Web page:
Nineteen Questions 3–Do You Expect to be Made Perfect in Love in this Life?

I’m a day behind, so I’m going to do two shorter reflections today. I went camping with a group of guys…that was anything but perfect.

Do you expect to be made perfect in love in this life?

This question, at first brush, seems just as strange as the previous was to me at my first annual conference when I was 15. Do you expect to be made perfect in this life? At first glance, it just seems rather presumptuous of John Wesley to make this inquiry. But, as Bishop Lyght points out, it is doubtful that Wesley would ask this question if he didn’t truly believe that it was possible.

The question makes sense to me on a cerebral level in light of the previous question. If I am going on to perfection, if I’m striving for it, then the expectation should be that God can work that holiness in me while on terra firma. John Wesley wrote of this expectancy. In his journal he defended the charge to expect perfection in love in this life, “I say an hourly expectation; for to expect it at death, or some other time hence, is much the same as not expecting it at all.”[1]

As I reflect on this question, that really makes sense to me. It is really easy to say “Oh yeah, God is going to make me perfect—but not in this life.” To expect to be perfected in love in this life—now that’s a God-sized expectation! I expect that God can make me the type of human being who loves God with all my heart, soul, mind and strength, who loves my neighbor as myself, who does justice and loves mercy and walks humbly before God. I want that holiness of heart and life that deepens a dynamic, mature relationship with God and neighbor. I want to be all that God has called me to be. I expect to be made perfect in love in this life—not by anything that I can do, but by the grace of God.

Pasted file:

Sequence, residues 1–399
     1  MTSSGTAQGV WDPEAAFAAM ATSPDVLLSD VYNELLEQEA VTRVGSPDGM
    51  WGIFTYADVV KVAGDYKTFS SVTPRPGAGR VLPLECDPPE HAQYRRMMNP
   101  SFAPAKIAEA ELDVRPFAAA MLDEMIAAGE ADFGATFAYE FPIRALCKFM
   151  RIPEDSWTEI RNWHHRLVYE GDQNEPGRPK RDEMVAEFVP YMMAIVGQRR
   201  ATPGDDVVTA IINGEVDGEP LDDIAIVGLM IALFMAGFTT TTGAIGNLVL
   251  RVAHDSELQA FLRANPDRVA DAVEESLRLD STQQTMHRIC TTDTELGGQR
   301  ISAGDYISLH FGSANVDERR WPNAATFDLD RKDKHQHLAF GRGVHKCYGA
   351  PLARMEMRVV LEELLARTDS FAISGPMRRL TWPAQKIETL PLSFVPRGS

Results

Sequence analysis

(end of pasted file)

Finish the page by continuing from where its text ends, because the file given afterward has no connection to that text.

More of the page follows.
Do you expect to be made perfect in this life? God willing, I do.



[1] John Wesley, “May 6, 1760 to October 28, 1762,” Journal and Diaries IV (1755-65), ed. W. Reginald Ward and Richard P. Heitzenrater, vol. 21 of The Bicentennial Edition of the Works of John Wesley. Nashville: Abingdon Press, 1992, p. 389.

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